Technology in the Classroom

I’m currently living my dream job. The American School of Bombay embraces innovation and preparing our students for the future: “The future is now at ASB – Technology is an integral part of ASB to support creativity and innovation, so that students actively participate in shaping the future.”  

ASB is a mission driven school, We inspire all of our students to continuous inquiry, empowering them with the skills, courage, optimism, and integrity to pursue their dreams and enhance the lives of others.”, and technology plays an important role in actualising this mission.  We are surrounded by human resources to help make this happen.  Our tech team support us by being a part of our planning and teaching and providing professional development through various avenues: blogs, online learning platforms (ASB Academy), and, on-site conferences (ASBUnplugged). We have tech support on each floor that support us minute by minute to ensure a smooth flow throughout the day. There is also an onsite research and development team who are constantly innovating and exploring new technologies. I’m literally surrounded with technology and it’s so much a part of our everyday lives that I hadn’t realised how infused it is – it’s in my DNA.  Technology is an important part of who we are and supports us in our endeavors to live the school mission.

This is the big picture.  So what does it look like in my classroom?

Students use their laptop throughout the day for a variety of purposes.  Read more about my thoughts on technology integration.  I would say that technology is used at various points of the SAMR model. It is used to substitute many school related activities/tasks which often makes us more efficient at what we do.  For example, students might use an online dictionary to find word meanings rather than traditional dictionaries.  The print dictionaries are still there, but not often utilized as they find it faster on their laptop. Laptops are used for skill practice (e.g. IXL), research (online databases), reading (a suite of online reading resources are available).  But for all these uses, we still do them in other ways too.  For example, we do math skill practice through simple games, we do research using informational books, we read self-selected literature from our school libraries.  Technology is used to do not only enhance learning in these ways, but to transform learning and create new tasks – previously inconceivable.  For example, students have opportunities to create their own media (images, videos, digital stories), contribute to global projects (e.g. If You Lived Here, Hour of Code), and have an authentic and global audience for their work (blogs).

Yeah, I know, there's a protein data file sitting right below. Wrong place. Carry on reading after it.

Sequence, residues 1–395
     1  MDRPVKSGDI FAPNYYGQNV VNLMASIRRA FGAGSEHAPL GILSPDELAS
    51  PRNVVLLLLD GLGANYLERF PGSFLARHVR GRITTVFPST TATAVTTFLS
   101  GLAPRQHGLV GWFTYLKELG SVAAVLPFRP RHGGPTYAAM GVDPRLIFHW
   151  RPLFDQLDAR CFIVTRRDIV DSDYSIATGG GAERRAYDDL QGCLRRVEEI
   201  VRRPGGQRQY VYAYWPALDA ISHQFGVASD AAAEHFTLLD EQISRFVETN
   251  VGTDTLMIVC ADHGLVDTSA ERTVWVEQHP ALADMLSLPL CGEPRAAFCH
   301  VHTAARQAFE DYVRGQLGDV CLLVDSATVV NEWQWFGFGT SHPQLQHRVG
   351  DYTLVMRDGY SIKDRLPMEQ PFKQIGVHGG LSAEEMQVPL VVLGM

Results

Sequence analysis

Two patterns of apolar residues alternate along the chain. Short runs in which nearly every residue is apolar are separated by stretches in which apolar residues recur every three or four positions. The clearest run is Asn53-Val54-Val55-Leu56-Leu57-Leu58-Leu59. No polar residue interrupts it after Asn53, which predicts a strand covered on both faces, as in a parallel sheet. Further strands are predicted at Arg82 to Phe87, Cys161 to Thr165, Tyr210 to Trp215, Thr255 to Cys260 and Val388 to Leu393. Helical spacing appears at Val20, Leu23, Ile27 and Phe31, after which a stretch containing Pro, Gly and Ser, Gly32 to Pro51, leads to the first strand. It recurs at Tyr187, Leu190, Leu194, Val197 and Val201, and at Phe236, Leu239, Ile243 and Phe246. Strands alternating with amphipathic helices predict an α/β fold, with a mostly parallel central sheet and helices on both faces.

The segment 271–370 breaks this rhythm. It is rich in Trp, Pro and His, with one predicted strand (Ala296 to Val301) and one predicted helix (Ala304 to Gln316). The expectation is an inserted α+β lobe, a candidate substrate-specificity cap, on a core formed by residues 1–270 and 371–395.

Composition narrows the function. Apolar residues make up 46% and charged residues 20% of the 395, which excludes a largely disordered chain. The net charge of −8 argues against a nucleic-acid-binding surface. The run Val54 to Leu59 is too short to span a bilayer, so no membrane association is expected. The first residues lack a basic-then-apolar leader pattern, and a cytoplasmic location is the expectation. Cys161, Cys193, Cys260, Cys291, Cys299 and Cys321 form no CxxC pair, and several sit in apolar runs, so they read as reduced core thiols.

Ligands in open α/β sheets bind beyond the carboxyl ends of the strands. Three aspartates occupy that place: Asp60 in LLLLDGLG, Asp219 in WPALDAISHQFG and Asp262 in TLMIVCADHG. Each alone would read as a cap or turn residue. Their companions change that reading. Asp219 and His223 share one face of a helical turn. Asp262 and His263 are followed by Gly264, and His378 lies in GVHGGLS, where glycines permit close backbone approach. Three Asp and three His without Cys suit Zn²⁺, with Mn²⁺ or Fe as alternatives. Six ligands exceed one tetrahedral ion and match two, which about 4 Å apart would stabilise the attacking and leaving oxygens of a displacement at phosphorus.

Photo by ASB
Photo by ASB

I like the categories that @amandashaw used to describe tech usage:  Research, Collaboration, Publishing, Communication. Technology is used for all of these purposes in my classroom.  See where they fit when I describe a typical day using technology:

Students arrive to school and follow some routines including taking their laptop from their bag and putting in the laptop storage shelves. They’ve learned to manage their laptop by bringing it to school charged, and know how to take care of their device. Later that morning, a group of students are investigating words with particular latin/greek derivatives and use online dictionaries to search word meanings. During math workshop, an independent math group may use IXL to review content while another group is using iPads to explore tessellation using an application like Amaziograph.  While involved in a provocation exploring the central idea connected to the unit of inquiry students use a backchannel such as TodaysMeet to record questions, observations, wonderings. Later in self directed independent work on their projects students are using our online research hub to find suitable resources for their research topic while others are finding images to support their digital photostory using VoiceThread.  During the reading workshop, some students may blog about their reading on the class blog. There may be some students publishing their written work during writing workshop using google apps.  Later on, students reflect on a recent field trip to see a musical event and do so by relistening to parts of the performance on their computers and write a response on their e-Portfolio (google site). And just like that, our busy day is done. Students go home and may continue working on some of their projects at home.

Photo by ASB
Photo by ASB